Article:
American films do not merely feature this or that debased black image or this or that glorified white image in isolation, but rather, they correlate these images in a larger scheme of semiotic valuations. For the viewer, the pleasure of recognizing this ranking displaces the necessity of verifying its moral or actual validity. . . . This device engages audiences on the level of their racial allegiance, social background, and self-image. Film translates the personal into the communal so quickly that elevation of the dominant and degradation of the subordinate are simultaneous and corporate. When we consider The Birth of a Nation or Gone With the Wind, for example, the mechanisms of racial mythification are clear--the dominant "I" needs the coded "other" to function: white female stars (themselves coded as subordinate to white males) employ black maids to make them seem more authoritatively womanly....Soon, by mythification and repetition, white and black filmed images become large-scale models, positive or negative, for behavior, describing . . . structures, limits, and an overall repertoire from which both white and black viewers in the real world select possibilities of action and thought. (p. 4)

The repetition of these characters and their subordinate positions in life--enforced by familiar symbols of servility and a lack of other possible roles to play--makes stock characters easy to recognize and almost impossible to refute. This is the case of the mammy figure which appears in The Birth of a Nation, is more fully developed by Hattie McDaniel in Gone With the Wind, and is later epitomized by McDaniel when she appears in such roles as "Aunt Tempy" in Song of the South.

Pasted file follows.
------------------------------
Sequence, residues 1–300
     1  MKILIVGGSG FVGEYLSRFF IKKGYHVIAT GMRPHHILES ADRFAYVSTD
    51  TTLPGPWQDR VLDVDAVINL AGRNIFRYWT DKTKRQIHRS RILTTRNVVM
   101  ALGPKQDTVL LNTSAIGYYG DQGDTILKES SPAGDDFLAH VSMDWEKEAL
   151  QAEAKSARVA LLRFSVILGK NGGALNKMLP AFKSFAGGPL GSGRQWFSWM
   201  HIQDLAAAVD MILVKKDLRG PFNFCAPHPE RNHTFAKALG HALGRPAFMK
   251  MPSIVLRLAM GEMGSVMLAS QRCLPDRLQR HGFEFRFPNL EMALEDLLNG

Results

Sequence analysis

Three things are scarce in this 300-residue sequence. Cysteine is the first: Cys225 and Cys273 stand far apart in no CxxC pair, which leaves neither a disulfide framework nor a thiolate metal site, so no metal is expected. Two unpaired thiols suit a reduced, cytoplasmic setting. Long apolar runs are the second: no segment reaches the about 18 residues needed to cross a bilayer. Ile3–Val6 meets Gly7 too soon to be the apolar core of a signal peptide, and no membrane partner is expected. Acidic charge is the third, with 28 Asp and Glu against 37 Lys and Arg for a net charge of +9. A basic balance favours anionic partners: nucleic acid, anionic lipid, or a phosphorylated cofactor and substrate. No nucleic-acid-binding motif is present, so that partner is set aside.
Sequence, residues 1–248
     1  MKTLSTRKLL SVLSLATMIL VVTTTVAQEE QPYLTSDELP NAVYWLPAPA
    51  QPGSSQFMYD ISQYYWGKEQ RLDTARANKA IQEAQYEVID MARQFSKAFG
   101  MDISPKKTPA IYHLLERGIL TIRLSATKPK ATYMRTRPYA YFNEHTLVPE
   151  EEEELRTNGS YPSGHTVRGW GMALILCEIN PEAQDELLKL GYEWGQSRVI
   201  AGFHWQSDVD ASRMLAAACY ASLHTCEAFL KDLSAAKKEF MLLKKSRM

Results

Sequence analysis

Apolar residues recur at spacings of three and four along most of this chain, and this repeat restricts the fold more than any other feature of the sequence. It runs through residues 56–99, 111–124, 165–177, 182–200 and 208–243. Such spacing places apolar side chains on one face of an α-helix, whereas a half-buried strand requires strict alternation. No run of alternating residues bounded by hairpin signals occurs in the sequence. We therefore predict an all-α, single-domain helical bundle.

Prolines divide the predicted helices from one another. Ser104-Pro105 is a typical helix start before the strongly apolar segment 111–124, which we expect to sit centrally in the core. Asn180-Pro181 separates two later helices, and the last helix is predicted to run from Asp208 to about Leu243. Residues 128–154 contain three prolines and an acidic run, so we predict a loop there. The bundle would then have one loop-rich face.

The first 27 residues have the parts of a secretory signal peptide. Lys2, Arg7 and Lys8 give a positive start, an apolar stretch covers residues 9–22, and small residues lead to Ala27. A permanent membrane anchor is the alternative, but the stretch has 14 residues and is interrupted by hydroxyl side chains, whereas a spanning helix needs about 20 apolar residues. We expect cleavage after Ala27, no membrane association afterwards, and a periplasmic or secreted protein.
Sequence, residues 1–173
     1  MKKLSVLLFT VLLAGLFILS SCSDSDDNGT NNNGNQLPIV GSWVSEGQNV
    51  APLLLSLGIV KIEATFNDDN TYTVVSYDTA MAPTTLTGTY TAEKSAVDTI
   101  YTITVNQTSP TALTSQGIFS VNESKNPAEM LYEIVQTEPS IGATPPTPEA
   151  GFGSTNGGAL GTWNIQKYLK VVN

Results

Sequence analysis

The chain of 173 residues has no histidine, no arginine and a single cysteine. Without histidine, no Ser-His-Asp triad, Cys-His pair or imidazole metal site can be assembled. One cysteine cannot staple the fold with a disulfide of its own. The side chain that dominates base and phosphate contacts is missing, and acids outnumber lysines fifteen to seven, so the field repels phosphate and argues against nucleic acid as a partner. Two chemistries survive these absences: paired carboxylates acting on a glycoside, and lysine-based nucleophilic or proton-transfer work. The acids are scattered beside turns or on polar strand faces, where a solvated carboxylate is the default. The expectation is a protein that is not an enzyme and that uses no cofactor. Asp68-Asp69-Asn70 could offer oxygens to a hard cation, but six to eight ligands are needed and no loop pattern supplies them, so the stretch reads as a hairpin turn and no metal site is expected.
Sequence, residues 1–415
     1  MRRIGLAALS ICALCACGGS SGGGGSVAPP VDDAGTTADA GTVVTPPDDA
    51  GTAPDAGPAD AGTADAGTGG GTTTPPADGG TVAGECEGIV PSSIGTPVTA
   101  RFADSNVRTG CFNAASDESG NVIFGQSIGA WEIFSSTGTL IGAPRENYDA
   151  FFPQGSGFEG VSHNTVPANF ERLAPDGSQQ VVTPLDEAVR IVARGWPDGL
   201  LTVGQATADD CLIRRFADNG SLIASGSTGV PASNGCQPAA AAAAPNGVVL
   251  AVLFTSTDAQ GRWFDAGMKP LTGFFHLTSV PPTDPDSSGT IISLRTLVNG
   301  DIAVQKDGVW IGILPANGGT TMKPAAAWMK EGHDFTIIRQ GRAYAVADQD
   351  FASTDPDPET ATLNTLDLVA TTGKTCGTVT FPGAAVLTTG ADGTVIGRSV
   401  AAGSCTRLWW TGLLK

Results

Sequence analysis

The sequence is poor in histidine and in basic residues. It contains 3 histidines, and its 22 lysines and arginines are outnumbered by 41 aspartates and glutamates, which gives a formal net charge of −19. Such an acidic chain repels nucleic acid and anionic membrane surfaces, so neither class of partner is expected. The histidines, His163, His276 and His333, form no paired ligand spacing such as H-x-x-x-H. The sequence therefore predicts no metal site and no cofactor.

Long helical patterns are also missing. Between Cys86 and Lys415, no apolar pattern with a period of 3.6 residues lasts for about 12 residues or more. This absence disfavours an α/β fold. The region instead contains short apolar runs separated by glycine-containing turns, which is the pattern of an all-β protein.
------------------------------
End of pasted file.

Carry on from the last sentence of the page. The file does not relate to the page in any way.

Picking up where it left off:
Hattie McDaniel In this final case, the mythification of the mammy is reinforced by the mythification of McDaniel herself, who appeared in over 300 different films in her career and usually played the part of a domestic servant.(7) While the number of times this talented actress appeared as a servant demonstrates the limited opportunities available to African-Americans in Hollywood during the first half of the twentieth century, that should not mean McDaniel's appearance in Gone With the Wind, "perhaps the supreme example of the popular image," (8) and her subsequent celebrity status should simply be attributed to her playing the same role time and again.

Instead, she might be understood in the same terms as white actors such as John Wayne or Jack Nicholson whose early performances strike a chord with movie-going audiences so that they become typecast in almost every subsequent role. The difference between McDaniel and someone like Wayne, however, lies in the fact that until her appearance in 1947 as the lead in the CBS radio program Beulah(9), the color of McDaniel's skin required her to always play supporting roles.

On the other hand, however, McDaniel's celebrity was strengthened by the audience's belief in the mammy figure she often portrayed. Patricia Turner notes in Ceramic Uncles and Celluloid Mammies, McDaniel's Academy Award for Best Supporting Actress in Gone With the Wind--the first Academy Award to go to an African-American--was earned "for playing a truly fictional character, a character shaped and molded by nostalgia merchants eager to create a past that never was."(10) As we shall see, the beliefs surrounding the mammy figure in popular culture and the historical realities lend to Snead's sense of mythification.